Brian Pierson: Tribal labor sovereignty could land in Supreme Court

A view of the U.S. Supreme Court. Photo by Indianz.Com

Attorney Brian Pierson looks at two conflicting rulings from the 6th Circuit Court of Appeals regarding the application of federal labor law at tribal casinos, arguing that the dispute could end up before the U.S. Supreme Court:
In its very odd July 1 decision in Soaring Eagle Casino and Resort v. National Labor Relations Board, all three judges on the three-judge panel concluded that the National Labor Relations Act (NLRA) should not apply to Soaring Eagle Casino and Resort, an enterprise owned and operated by the Saginaw Chippewa Tribe. Nonetheless, by a 2-1 vote, the judges held that the NLRA would apply to the enterprise because, they explained, they were bound by a 2-1 decision by a different three-judge panel in NLRB v. Little River Band of Ottawa Indians, decided just three weeks earlier.

Four of the six judges in the Sixth Circuit who have examined the issue, in two different cases, have concluded that the NLRA has no jurisdiction over the tribes. The tribes have lost both cases!

The Soaring Eagle decision is noteworthy not only for its internal contradiction but also for its novel legal analysis. The majority in the Little River Band case had adopted the Coeur d’Alene rule to analyze whether a federal law that does not mention tribes should nonetheless apply to them. Under Coeur d’Alene, a federal law of general applicability will apply to tribes unless it touches “exclusive rights of self-governance in purely intramural matters” or would violate a treaty. Courts applying the Coeur d’Alene rule invariably find that tribal casinos do not involve exclusive rights of self-governance in intramural matters because enterprise employees and patrons are often predominately non-members.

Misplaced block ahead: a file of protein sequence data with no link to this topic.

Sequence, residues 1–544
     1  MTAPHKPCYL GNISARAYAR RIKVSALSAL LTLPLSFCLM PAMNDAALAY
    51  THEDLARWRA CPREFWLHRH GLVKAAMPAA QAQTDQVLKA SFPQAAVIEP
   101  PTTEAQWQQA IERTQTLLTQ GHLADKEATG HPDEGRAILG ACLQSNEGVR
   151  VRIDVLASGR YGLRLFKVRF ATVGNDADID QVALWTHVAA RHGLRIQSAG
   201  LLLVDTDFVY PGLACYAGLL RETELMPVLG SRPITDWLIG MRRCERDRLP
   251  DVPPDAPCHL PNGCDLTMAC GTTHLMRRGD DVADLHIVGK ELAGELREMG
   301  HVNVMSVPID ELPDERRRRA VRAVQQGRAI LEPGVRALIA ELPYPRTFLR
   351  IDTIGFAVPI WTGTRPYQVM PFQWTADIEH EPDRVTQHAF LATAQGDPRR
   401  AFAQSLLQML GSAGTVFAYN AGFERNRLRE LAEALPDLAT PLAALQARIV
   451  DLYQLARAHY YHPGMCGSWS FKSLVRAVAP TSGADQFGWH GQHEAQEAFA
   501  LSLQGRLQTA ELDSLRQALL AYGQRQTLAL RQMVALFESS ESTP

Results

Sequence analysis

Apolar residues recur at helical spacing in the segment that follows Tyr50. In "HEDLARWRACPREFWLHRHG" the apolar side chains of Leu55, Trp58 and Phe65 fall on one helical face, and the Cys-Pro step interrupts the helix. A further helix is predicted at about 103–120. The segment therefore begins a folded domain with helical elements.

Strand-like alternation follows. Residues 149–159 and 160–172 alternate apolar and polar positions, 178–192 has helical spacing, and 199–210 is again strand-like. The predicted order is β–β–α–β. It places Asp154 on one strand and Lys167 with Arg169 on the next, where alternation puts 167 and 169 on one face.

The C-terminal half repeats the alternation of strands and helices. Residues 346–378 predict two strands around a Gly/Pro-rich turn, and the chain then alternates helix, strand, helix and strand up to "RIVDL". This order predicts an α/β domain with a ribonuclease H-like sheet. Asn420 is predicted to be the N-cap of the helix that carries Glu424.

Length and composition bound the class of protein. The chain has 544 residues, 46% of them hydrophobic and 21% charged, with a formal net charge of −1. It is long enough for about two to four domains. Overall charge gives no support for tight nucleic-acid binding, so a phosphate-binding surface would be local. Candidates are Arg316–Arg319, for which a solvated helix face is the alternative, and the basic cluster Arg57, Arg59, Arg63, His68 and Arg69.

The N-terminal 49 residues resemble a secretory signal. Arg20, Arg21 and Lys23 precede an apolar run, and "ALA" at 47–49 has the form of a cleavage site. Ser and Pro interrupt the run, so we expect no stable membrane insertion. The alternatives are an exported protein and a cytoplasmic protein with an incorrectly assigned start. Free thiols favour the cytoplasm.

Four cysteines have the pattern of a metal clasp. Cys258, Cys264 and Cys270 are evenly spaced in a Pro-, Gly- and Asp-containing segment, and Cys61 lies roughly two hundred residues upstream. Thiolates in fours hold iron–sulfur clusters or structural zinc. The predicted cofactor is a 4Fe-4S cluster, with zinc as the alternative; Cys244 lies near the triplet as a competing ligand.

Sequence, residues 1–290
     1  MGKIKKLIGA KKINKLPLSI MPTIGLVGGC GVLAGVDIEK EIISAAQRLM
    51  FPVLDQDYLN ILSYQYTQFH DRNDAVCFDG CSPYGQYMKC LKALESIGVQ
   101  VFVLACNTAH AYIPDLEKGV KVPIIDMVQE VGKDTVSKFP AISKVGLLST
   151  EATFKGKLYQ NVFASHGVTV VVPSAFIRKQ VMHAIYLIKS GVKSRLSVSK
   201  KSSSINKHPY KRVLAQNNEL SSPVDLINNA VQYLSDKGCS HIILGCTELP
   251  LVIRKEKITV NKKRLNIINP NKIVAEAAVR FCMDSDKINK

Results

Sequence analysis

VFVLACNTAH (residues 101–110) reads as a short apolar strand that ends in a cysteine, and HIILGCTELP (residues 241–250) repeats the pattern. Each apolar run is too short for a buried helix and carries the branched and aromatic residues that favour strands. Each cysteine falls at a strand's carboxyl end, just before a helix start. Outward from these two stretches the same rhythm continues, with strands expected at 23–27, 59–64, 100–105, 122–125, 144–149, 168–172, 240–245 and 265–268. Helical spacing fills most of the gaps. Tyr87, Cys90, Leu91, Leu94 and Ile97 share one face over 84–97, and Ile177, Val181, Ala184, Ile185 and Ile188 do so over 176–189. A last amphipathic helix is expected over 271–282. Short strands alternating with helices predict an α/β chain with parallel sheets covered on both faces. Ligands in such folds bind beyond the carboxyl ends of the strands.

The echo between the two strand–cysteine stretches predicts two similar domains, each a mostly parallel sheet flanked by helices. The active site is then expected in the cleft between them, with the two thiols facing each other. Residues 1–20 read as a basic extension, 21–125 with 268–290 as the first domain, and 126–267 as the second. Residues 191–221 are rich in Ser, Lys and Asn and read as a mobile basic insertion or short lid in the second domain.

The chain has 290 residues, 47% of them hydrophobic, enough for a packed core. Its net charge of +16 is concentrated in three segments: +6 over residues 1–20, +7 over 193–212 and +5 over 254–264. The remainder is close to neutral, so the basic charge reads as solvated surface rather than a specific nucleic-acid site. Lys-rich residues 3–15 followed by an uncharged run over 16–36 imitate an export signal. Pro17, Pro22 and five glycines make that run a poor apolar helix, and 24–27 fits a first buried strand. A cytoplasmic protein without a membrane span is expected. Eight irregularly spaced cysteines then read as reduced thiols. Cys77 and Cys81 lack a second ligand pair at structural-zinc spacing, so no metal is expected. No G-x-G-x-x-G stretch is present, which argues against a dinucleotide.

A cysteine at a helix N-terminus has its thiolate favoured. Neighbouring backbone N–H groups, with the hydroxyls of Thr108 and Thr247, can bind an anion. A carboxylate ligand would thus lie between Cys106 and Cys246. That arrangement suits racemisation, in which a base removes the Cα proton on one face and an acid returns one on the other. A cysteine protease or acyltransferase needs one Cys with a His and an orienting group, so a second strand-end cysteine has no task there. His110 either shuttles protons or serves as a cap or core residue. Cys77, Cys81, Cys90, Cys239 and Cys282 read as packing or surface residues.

A rehearing en banc would, under other circumstances, seem likely to determine whether the full Sixth Circuit agrees with the four judges who have opined that the NLRA should not apply or the two judges who have opined that it should. The most likely outcomes of such an en banc hearing include: (1) a holding consistent with the Little River Band majority that the NLRA applies to the Tribe under the Coeur d’Alene rule; or (2) a holding that the NLRA does not apply to the Tribe based on the Montana exceptions, consistent with the Soaring Eagle opinions. The latter result would almost certainly trigger review by the U.S. Supreme Court and probably a decision adverse to tribes.

Get the Story:
Bizarre Sixth Circuit Decision Further Confuses NLRB's Jurisdiction Over Tribal Enterprises (The National Law Review 7/3)

Also Today:
Catherine Munson and Mark H. Reeves: Divided Sixth Circuit Panel Upholds NLRB Jurisdiction To Enforce NLRA Against Tribes Even When The Act Conflicts With Tribal Employment Laws (Mondaq 7/3)

6th Circuit Decisions:
Soaring Eagle Casino v. NLRB (July 1, 2015)
NLRB v. Little River Band of Ottawa Indians (June 9, 2015)

From the Indianz.Com Archive:
Tribal labor law rider killed by wide margin in House (June 27, 2005)
Federal labor board expands jurisdiction over tribes (June 4, 2004)

Related Stories:
Court reluctantly backs NLRB in Saginaw Chippewa Tribe dispute (7/1)
Rep. McCollum vows support for Tribal Labor Sovereignty Act (6/29)
Law Article: Court backs NLRB in Little River Band casino case (06/23)
Appropriations bill blocks federal labor law at tribal businesses (06/22)
Brian Patterson: Tribal Labor Sovereignty Act restores our rights (06/19)
Debate on Tribal Labor Sovereignty Act moves to House panel (06/17)
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Law Article: Uncertainty abounds with federal labor law at casinos (06/15)
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Senate committee passes bill to shield tribal casinos from NLRB (06/11)
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Appeals court sides with NLRB in Little River Band casino case (06/10)
Senate committee takes up bill to shield tribal casinos from NLRB (06/09)
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